Omaha daily bee. (Omaha [Neb.]) 187?-1922, April 27, 1902, EDITORIAL, Page 17, Image 17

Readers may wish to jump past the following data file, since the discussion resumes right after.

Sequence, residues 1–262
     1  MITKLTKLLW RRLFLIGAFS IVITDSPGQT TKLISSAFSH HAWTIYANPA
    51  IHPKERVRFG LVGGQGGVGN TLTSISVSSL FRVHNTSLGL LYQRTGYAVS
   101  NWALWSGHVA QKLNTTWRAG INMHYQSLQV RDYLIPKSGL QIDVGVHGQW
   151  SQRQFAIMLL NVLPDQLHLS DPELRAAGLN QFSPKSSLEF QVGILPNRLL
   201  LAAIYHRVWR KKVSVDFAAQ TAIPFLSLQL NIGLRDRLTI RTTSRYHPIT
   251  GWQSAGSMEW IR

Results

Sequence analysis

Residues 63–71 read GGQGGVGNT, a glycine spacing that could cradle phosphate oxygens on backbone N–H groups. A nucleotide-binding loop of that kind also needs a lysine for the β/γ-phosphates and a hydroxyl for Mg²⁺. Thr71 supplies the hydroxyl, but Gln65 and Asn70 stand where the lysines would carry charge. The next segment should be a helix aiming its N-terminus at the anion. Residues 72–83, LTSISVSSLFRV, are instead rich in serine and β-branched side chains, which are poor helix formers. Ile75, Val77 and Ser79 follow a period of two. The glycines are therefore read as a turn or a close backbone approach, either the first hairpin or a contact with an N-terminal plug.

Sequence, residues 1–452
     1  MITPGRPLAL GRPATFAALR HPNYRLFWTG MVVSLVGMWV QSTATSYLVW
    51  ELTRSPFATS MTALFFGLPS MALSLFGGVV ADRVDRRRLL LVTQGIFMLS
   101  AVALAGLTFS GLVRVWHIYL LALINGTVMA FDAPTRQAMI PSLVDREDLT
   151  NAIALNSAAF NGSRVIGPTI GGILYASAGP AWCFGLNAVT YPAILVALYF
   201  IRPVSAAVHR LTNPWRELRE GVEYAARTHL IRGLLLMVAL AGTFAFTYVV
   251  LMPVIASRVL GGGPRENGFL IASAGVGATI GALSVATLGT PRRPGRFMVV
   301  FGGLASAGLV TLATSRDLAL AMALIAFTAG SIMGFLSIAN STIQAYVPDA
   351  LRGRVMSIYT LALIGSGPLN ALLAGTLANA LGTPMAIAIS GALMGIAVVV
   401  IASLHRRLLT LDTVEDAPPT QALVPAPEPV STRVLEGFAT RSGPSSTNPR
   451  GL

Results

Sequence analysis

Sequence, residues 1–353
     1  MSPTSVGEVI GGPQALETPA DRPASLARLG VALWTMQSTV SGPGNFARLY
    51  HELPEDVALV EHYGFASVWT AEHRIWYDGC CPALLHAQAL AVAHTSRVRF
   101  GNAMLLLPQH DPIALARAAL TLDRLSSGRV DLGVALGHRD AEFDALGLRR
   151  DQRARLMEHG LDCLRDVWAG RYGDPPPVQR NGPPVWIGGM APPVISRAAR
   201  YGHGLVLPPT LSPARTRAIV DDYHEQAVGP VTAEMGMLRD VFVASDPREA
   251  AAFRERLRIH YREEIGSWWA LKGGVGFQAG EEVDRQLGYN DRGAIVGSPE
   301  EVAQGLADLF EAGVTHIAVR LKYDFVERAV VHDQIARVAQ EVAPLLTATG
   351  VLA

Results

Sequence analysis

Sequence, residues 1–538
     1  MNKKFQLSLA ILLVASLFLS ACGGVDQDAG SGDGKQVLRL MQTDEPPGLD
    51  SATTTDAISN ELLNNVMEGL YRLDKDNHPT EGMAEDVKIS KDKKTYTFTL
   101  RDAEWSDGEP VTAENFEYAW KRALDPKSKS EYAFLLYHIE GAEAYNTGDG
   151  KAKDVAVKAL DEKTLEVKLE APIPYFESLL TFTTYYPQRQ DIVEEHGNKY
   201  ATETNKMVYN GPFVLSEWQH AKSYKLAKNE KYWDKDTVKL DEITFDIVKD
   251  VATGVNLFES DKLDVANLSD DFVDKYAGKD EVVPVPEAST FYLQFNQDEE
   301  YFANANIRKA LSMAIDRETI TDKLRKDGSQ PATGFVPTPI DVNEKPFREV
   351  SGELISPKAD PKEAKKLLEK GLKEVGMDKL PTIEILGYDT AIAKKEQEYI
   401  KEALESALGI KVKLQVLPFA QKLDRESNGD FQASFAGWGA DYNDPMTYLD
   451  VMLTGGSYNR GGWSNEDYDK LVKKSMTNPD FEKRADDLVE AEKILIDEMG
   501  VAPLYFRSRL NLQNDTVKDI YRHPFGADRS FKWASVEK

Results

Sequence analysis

THE OMAHA PATTA BEE: SUNDAY, AritIL 27, 1002. 17 bo I Just as the hacking cough indicates a deadly disease, so dandruff indicates . , . , Falling Finally air, n asaness NEVBRO S I1ERPICIDE IS THE (MIY Dandruff Cure Itooanse it is the only preparation that Mill de stroy the Dandruff germ. Dandruff is a perm disease and you cannot cure dandruff unless you kill the perm totally eradicate it and you cannot do that unless you use Newbro'a Herpicide. Beware of Imitations. The marvelous success of IIERriCIDE has caused others to put preparations on the mar ket, claiming that they also destroy the dan druff germ. They are all spurious, and some of them are dangerous. There is but one prepara tion that will and that does destroy the dan druff germ, and that is NEWBKO'S HERPICIDE. Falling Hair and Baldness. Dandruff is the cause of falling hair, thin hair, brittle hair, lusterless hair and, finally, baldness. "Destroy the cause, you remove the effect." Kill the dandruff germ with NEW BKO'S IIERriCIDE and your hair will thicken and grow luxuriantly. Herpicide is also one of the most -delightful dressings. Allays itch ing instantly. For Success With Herpicide. Before starting treatment with HERPICIDE, the hair and scalp should be washed thoroughly, and regularly about once in ten days there after. The best' soap for that purpose is HERPI CIDE SOAP (aseptic tar.) There is not one case reported where persistent and proper use of HERPICIDE has not cured dandruff, stopped falling hair and thickened thin hair. 9 Dandruff Is a Germ Disease jy u j v v is v v v i v v h "Destroy The Cause You Remove The Effect." ........ Kill the Dandruff Germ with Herpicide ONE DOLLAR A BOTTLE AT ALL..... DRUGGISTS Will Prescribe It. I have tested the merits of New bro's Herpicide, and am very much pleased with the results. I will certainly prescribe and recommend It when In need of a remedy for dandruff. Pruritus and Urticaria. DR. K. E. REYNOLDS. Green Block, Court St., Beatrice, Neb. A Doctor's Opinion I find Herpicide a most excellent hair dressing as well as a specltlc for dandruff. 1 have used It for dandruff, and find my hair and scalp In flood order. Can recom mend It as an excellent prepara tion. A ONES V. SWETLAND, M. D. 204 Bee Building:, Omaha, Neb. Best In Thirty Years I have been exclusively In the barber business for over thirty yearn, and have given Herpicide a fair trial ajid can say that It Is the best preparation I ever used. It cures Dandruff, relieves ltchliiR of the scalp Instantly, and Is a delightful hair dressing. I use It now to the exclusion of all other dressings. S. S. STUART, Barber. 1615 Farnam St.. Omaha, Neb, GETTING READY FOR GOLF Omaha Players Await Toraal Opening of Season on Links. TWO CLUBS MAKE MARKED IMPROVEMENTS Coantry Haa Remodeled Groaada and Field Haa Extended Grounds and Balldlaa-a oa Amnio Scale, Next month will bring with It the regular opening of the gelf season, so It la now but two weeks or lesa till this loved aport .will be 03 In all lta fervor and fanaticism. As usual, tbe new reign of "King Kaddy" will be ushered in with elaborate tune tions, for 11 la a feature of golf that It la used aa a vehicle for more social cele orations than any sport known. In Omaha all due reverence will be paid thta trad I tlon, and both tbe Country club and the Field club are planning opening affairs well . calculated to start tbe season's play on lta way with an impetus of Interest and conviviality that will help out more than little In tiding the devotees over tbe totter portion of the season. May. I is the time set for the Country Club opening, and It will be an affair of many ramifications. To those who are la the game for the golf Itself the most In terestlng feature of opening day will be the completion of the many improvements on the links. Last year the club had a good course, but there waa very little be Idea the ministrations of nature Itself to make It so. This season, however. Country club habitues will have tbe pleasure of feeling a share la the possession of aa completely equipped and aa modern course as the most fastidious rould desire. Of course tbe most important thing In the way of Improvements' Is the piping, This is a big task, entailing the expend! ture of several thousands of dollars, and when the golfer contemplates tbe fact that It means to him a green of live sod all the year round he realties to the full what a great benefit tbe - water service will be. To remove grease-ipota from garment : fine, get a bar of moisten a eponge or cloth in hot water j rub on soap i lightly ; apply sponge vigor ouilyj rinse with warm water. ... Quicker and better than gasoline no danger. Tht liw- Uaadry, ne Wlk sad kxli jej stsI to lei, jc Writ tot heokta fiviaf eiracucu lor wuhiag veukat, sad Mhw So Thi Cvdaht Packimo Co. Oauha...lfiaaM City. Work on thla is now well toward com pletion. The course at present presents the aspect of a battlefield on which a Lilli putian enemy has been advancing by the ilg-zag trench method. Ditches traverse tbe links In all directions, leading to the different greens and almost all of the pip ing la now down and ready for use. Some delay has been caused recently because the workmen ran out of pipe and have had to wait until more could be procured. This system of water works la being very carefully and cleverly laid, and no place In the course do the trenches crose live playing ground except in a few apota where it is absolutely essential to do this In order to tap the greens. Ail the ap proach pipe la laid in dead ground, either where a ball should never light. If prop erly driven, or between the playing lines of the course. Players who grew really efficient last year and conceived the notion that the Country club course was growing a little too easy for them will be rejoiced thla season to see tbe Improvement that have been estab lished in tbe way of new bunkera and other bastards. These are many per cent more difficult than what was seen on the course laat season and no one can complain that a trip around the eighteen hole this year will be too much of a cinch to be good fun, A few of tbe more expert golfers visited the links one day this week to have a view of tbe Improvements and they were astounded at the enormous mounds of earth that loomfcd up between certain of the holes. Wtere last year was a small trench with a three-foot wall of dirt behind It there now looma a barricade that will take a boy all day to climb. Those playera who laid away their lofters last season because there was ne real use for them can get them out again now, for their mid-Irons will no longer serve the purpose. It will take a stick with a real steep dip to fat to put a ball over one of those bunkers from a lie that Is within tbe ten-yard limit of it. The course will be all ready by May 3 and tournaments In twosomes and four somes for men and for women, as well aa a few mixed affairs, will keep the golfers busy all day long. As usual, the morning will be given over to tbe women and In the afternoon tbe men and tbe mixed couples will do their little stunts. Then at nlgbt will come tbe dance, the first one of the season. Thus will Country clubbers beguile tbe hours of their opening day. Not until three weeks later, on May 23, will the Field club give lta Initial soiree for 1902. Ttal is because the extensive remodeling of the club bouse and the erection of tbe new buildings planned cannot be com pleted until shortly before that time. Ever since the frost left the ground vork has been hustled on the buildings and the directors are sow satisfied thst all will be well within a month at the eutslde. Improvements and changes In last year's club house are now finished. The wing which was used far bowling has been stripped of Its alleys and converted Into a huge locker room with accommodatlona for all the possible membership of the club. This Is a vast improvement .ever the cramped locker service of last year. The new building, meanwhile. Is fast taking oa the semblance of what It Is Intended to be a dancing pavtlten and all-around summer loafing place. It la rising Just west of the club house and the cootract for Its erection promises its completion lu every particular by May 15. vIn the base ment will be four bowling alleys; also ample accommodations for raddles and pla boys. Oa the first floor Is tbe large danc ing area and to one end la a little sitting room with a huge fireplace. The fencing of tbe grounds la bow com pleted, pickets being substituted for the wire where the fence borders the tennis courts and base ball grounds. Last year's golf course has been enclosed and Is now guarded with "keep off" signs while the seeding gets a start. Meanwhile golfers are using the new tract of forty acres to the west, nine holes being laid out there. About June 1, or a little later, the two tracts will be combined Into one elghteen hole course, which will be the only golf ground of standard length in Omaha. In structor Sherwood expects to have more be ginners than be can handle this season. The Field club opening will be very elaborate. Everything In the way of sum mer Joy Is planned, song, dancing and women, golf, base ball and bowling, or chestral music, paeans of praise generally to the spirit of the springtime. POST-SEASON BOWLING TALK Oae-Maa Toaraey and Germaaa Against Amerleaas la tae Wind. Now that the season of the Omaha Bowl ing league is concluded the rollers are cogitating on what to do next, and a con siderable variance of opinion haa been un earthed by the general discussion. Some players are in favor of more contests, tour naments and matches of different descrip tions; others flatly oppose any continua tion of formal play. Tbe proposition of holding a one-man tourney and the other of having a series of match games between two teams, to be known aa the Americans and the Germans, have been the Immediate causes of the argument. Those who urge more bowling asy that for the real enthusiasts It Is an all-the-year-round game, anyway, and that there is no danger of those who are devoted to the sport growing tired of It. Mean while, they say. tbe ones who do not feel so keen after it can drop out for the sum mer if they wish, and they will come back again next fall, while the "fans" will be there all the time. Just as hot after the alley game as ever, and anxious for the beginning of another winter of general play. On the other hand. It Is said that there is a time for bowling, as for all things, and If the devoteea of the sport in Omaha are wise they will drop It flat now that the season has ended. , "It Is for the best Interests of the game to let It die here this summer," said one well known crack. "If we keep up thla tension all aummer, with repeated and contlnuoua tournaments and contests, it will kill the interest In bowling In Omaha, and next fall will And us la deplorably weak standing compared to what we have been. You see, the seaaon baa been some thing fierce here all w-rnter, and I do not believe the game Is sufficiently estsblished even her to stand murh more without a reat. As a matter of fact. It I creed the local alleys I would close tbem up tight during July and August at least. It would pay, for the boys would start in again with moro than redoubled vigor when cool weather came." A sentiment such as tbls, which has pre vatled quite generally, has militated some what against the one-man tournament scheme and has caused a delay in the ar rangementa for it. The situation Is now such thst the idea may be dropped entirely, though that ta not yet certain. Dad Hunt ington, who is chiefly Interested In lta launching, says that the tourney may be started off thla week. His Idea Is to have sixteen entries and to play each man twenty games of ten frames each. By using four alleys each night and playing two nights a week the tourney could be bowled off la four weeks. Although nearly a doteo of the most prominent bowlera la thelty have signified their willingness to participate, no entry list has yet been com pleted or closed. It seems certain, how ever, that if the affair Is started It will ba a fast and keen tournament, for the men who would go in are "high rollers," one and all, from the arbor vita standpoint. Meanwhile the series of games between the German and American teams is prac tically decided upon, and this should prove as interesting a match as was ever rolled In Omaha. On the German team are found such men as Al Krug, Beselln, Zarp, Rolls and Weber, all top-liners, while the Ameri cana comprise Individual Champion Emery, Denman, Bmead, Clarkson and Hunt When such pastmasters as these meet in a bowling contest there will be aomo lively alley work, and It .would not be surprising if a handful of local records were laid away during the course of the tourney, both short and long distance and Individual and team. The Idea Is to have nine games of ten frames each, divided Into three series of three each. Three are to be played on Clark'a alleys, three on Lents ft Williams alleys and the team which lead at that point of the tourney will have the privilege of choosing the location for the final round of three games. It Is expected that this tournament will begin this week or next week at the latest Should it prove a auccess others may fol low and, Judging from the rumors that are now circulating in the bowling atmosphere, a few Individual compeUtlona between the respective champions, real or alleged, of the different teams of the Omaha Bowling league may materialise. OIT OK THIS ORDINARY. William McDougall of Rockland, Me., haa a genuine Stradlvarius violin, which he ob tained from a Nova Scotia Frenchman, bearing the date of 1721. Senator Hanna haa a dinner aet of twelve plates, originally made for the Austrian emperor. The decoration of each plate la a facsimile of aomo famous painting. Charles Michaels of Indianapolis has the finest collection of mound bulklers' pottery In existence. Most of the relics were dug from a mound some thirty miles north of New Madrid, Mo. Major General Henry Dearborn's sword, used by him in the battle of Bunker Hill, Is for sale in New York, also the gold laced dres coat which he wore when In 1W2 he was presented at the court of Lis bon as first American minister to Portugal. The discovery of an old bible In the barn loft of Sarah Scarakading, In Huron county, Michigan, will be sufficient to establish the rights of the heirs to the Leonard Case millions. Mr. Case died in Cleveland, p.. In 164 and his millions have never been distributed. Horace Day of New Haven, Conn., owns the romDlete bed chamber set that be longed to Lord Percy, who commanded the reinforcement of the British troops at Lexington on April 1, 1776. The furni ture came to him from a long line of New England ancestors. The musket used by Major John Buttrlck at the North Bridge In Concord on April 19. liiS, has been DresenLed bv M n great-grandchildren, the only remaining members of tbe family, to the state of Massachusetts and it Is to be deposited in the state, house in Boston for permanent A Kansas editor reecntly contradicted a report that a young woman In his county waa about to abandon school teaching In order to get married, adding. "She la not that kind of a girl" whereby he meant that she would not break a contract. But the girl Interpreted the phrase differently and wrote to the editor to give him "a peace of her rr.lnd." "I ilnn'i know" -h. .-ij "that It la any of your business, but I give w uiiuci itiiiu man i mn not ins alnd of a girl you say. 1 can get married if I want to. "The original map made by George AVaahlngton In 1776 of the lands on the j.i jvanawna nver. weal Virginia granted to him by the British government In 1763 for hla services In the Braddotlc ex- f edition, is now in the possession of the Jbrary of Congress," says the National Geographic Magazine. "The man la about two bv Ave fet and la entirely in the handwriting of Washington. The margin la fitted with notes, also in Washington's handwriting. describing the boundary marks aet bv Washington and different features of the Utu L" TENNIS VOGUE ONCE MORE Eacqnet and Net and Ball Come Back for Aotive Service. REVIVAL OF GAME IS MOST MARKED Promise of Last Year Redeemed by Bathoslasm of rresent and Oat look Excellent for Far nit of tbe Game. If earllness signifies eagerness, then the lawn tennis season in Omaha for 1902 promises to be the keenest since the palmy days of the game In the early '90s. Here it is. still April, with the weather rang ing from a simoon to a symphony, and the temperature varying from that of Indian summer on one day to that of chill spring on the next, and yet several tennis nets were stretched last week on different courts, and the familiar cries of "deuce," "vantage out" and "thirty love" were heard in several different neighborhoods during the late afternoons and the early evenings of the pleasanter days. This would seem to Indicate that the regeneration of tennis, begun laat year, waa to prove a reality, not a mere state ment, a permanent renewal of Interest, not a temporary fluttering of fickle athlette fancy la that direction. In 1901, when, after the game had lain aa good aa dead for live or six years, a sentiment toward Its re-establishment In popular favor seemed to be arising. It was difficult to persuade many people that thla waa actu ally the case. They were unable to under stand how a aport of this nature could revive when once dropped, and they were loath to accept any of the signs that such waa to be the fact aa having any real meaning of that kind. But tbe game' came out with the begin ning of tbe spring season and waxed with the growing warmth of the weather. One by one the predictions that such and such a number of courts were to be rebuilt and others ia other placea newly located were verified by the deed, and by the time June he'd come around the athletes realised that they were In the midst of a fairly ener getic summer of tennis playing. From a city of no courts Omaha had sprung la one season to a place dotted with acorea of them. This waa Intensely pleasing to the tennis enthusiasts, for whom no slow-going golf nor arduous base ball could ever replace the swiftest and keenest game of them all, Their sole anxiety was that the reaalma tlon might prove only temporary, a mere final rally before the death rattle. It w realised that one year could not tell the tale, that It remained for 1902 to decide whether or not tennis waa to stay. They realized also that 1901 would yield a vast Influence in determining the Judgment which 1902 would give In the matter. So every nerve was bent by tennis play. era to keep things hot All aummer long tennis was played and played, tournaments were contested, everything possible waa done to keep the game a live Issue. From the first of the season to the last there was no abatement. The reward has come, So many new recruits were enlisted by thos methods that they, with the old ones, promise aa army of tennis devotees this seaaon, and with such backing the game's success Is almost assured already in Omaha. It seems certain even this early that tha Interest will prove to be oa tbe Increase Instead of on the wane or at a standstill and In that event nothing more will bs necessary to show that the revival of tennis begun la 1901, la real and Is to grow each year. About the first courts to get la operation this spring were the Shrlner piny grounds at Twenty-sixth and Harney streets. Tlay on them haa been going on for a week. Not all three of the courts are in use yet, but the two to the went have already felt the rubber footstep. The six grand clay courts at the Omaha Field club will be better than ever this season, not because of any Im provement In surfacing or grade, for that would be well nigh Impossible, but because more room has been given at the north end of the row. Last year the high bank which marked that boundary was a little too close to the back court lines for comfort. Things were crowdsd when the play was In the back court, especially In returning vicious serves from tbe other side, to handle which It is necessary to play considerably behind the extreme back line. Then, sgaln, an opponent in the south court, with a tendency to lobbing or playing the back line a great deal, could make It very un pleasant for the man in the north end, for every ball which he sent well back meant cramping in order to play it back across the net In good style. Now, however, the courts are to be moved bodily several yards further south, giving almost enough room between the back lines and the bank to put In another court. One feature that will bring tennis out earlier thla year is the fact that most of the courts are In fair condition to start with. Even a lazy man will have no excuse for not beginning early. Last season it wa ainerent, for that summer marked the first stab at the game in years and the old courts were In such bad shape from long disuse that fixing them up was as hard work as making new ones. When they were Anally ready, however, they were In such good condition and were kept In such good condition that this spring finds them needing but very little work besides lining. In fact, the early players who have been out the past week went on the courts with out having them touched by knife or drag. LABOR AD ISDt'STRY. Robbers Frightened Away. CAIRO. 111.. April 28.-The vault of the First National bank of Wickllffe. Ky.. was blown open by robbers at 2 o'clock thla morning. The sound of the explosion awoke the citizens of the town, who drove the robbers off, but did not succeed in capturing them. The robbers, four in num ber, did not succeed In getting any money. The fifth annual convention of the. West ern iJibor union will begin at Denver on Monday, May 26. Kvery cotton mill In the Ftlackxtnnn Vol- ' ley, MasiKachuKPttH, with two exceptions, advanced the wuges of Its employe 111 per cent. A recent rnnvnun of th nitv ma.ia k . biiHlnesB agents of the carpenters' union , Knows that t per cent of the men in that irmio art wunin mo ranks of the organi zation. . The emnloven nf t 1ia T.nkn rarpi.,,.' as sociation have drawn up a scale of prices In advance of the prevailing wage laat eeaaoii. No difficulty U untlcipatud In com- n u BttiiKidciory agreement. The wage schedule under which tho fire men of the Krle railroad hivo worked for many years pant ia being revised and con cesslona have been made to the men which will materially increase their pay. Moving on May 1 in Chicago will be ron ducted on strictly union principles. Tha van drivers are thoroughly organized an! will make a demand for higher waguM than heretofore and an eight-hour work day. Secretary Frank Morrison of the Amerl-' can Federation of Labor reports that March was the banner month In the history of that body for organization, 137 applica tions for charters having been received. Two-thirds of the various building trades or Baltimore demand aa Increase of wages to take effect May 1. In more than twenty cases the employers have been notified and in several Intitancea they have conceded ths demands made. Tn o it , 1 1 f ) n n It,. . ki t. and open hearth plant that the Union Steel '""'i'"".' niini to Dinia in Donora, Pa., a contract waa awarded laet . week, by that corporation for a new blooming mill that is to adjoin tho other-departments. The State Board of Mediation and Arbi tration, at St. Joseph, Mo.. afrr hearing evidence for two days on the big carpn- ters' strike, decided that tho mn Hhould receive 35 cento an hour. They tlomandd 37 cent. Both sides are well sutlalled with the result Members of the Iron Moulders Union of North America working in stove plants throughout the United States will receive a 6 per cent increase In waxes through an agreement reached between repruHenta.tlve of the Stove Founders' National Defense association and the union. The bill introduced Into the la.s' legis lature of Alabama to regulate the labor of children only reached the stage of publlo hoarings which were largely attended. But the agitation In favor of such, legislation la gaining organized strength, ujid.lt -Is Inevitable that factory ginlatlon for the ' protection of children should ultimately be adopted In the south as It has been elsewhere In tho manufacturing! world. feKRATSl EAT iSfearas' Electric Rat and Roach Paste and die out of tha boutc Otvs irurrcilent dries up their bodies, leaving no odor. It Is a safe and sure exterminator also of Mice, Water Bugs, Croton Bugs, Cockroaches and all other vermin. It has been in general use in houses, stores, hotels, factories, offices, public buildings, eta, for twenty-five years. Absolutely guaranteed. CAUTION" 'trt'rts m4 Imttrtlaas srs WverfalMg. M cent a box at DruggisU and Grocers or sent direct by Express prepaid. STEARNS' ELECTRIC PASTE CO, Chicago, !U.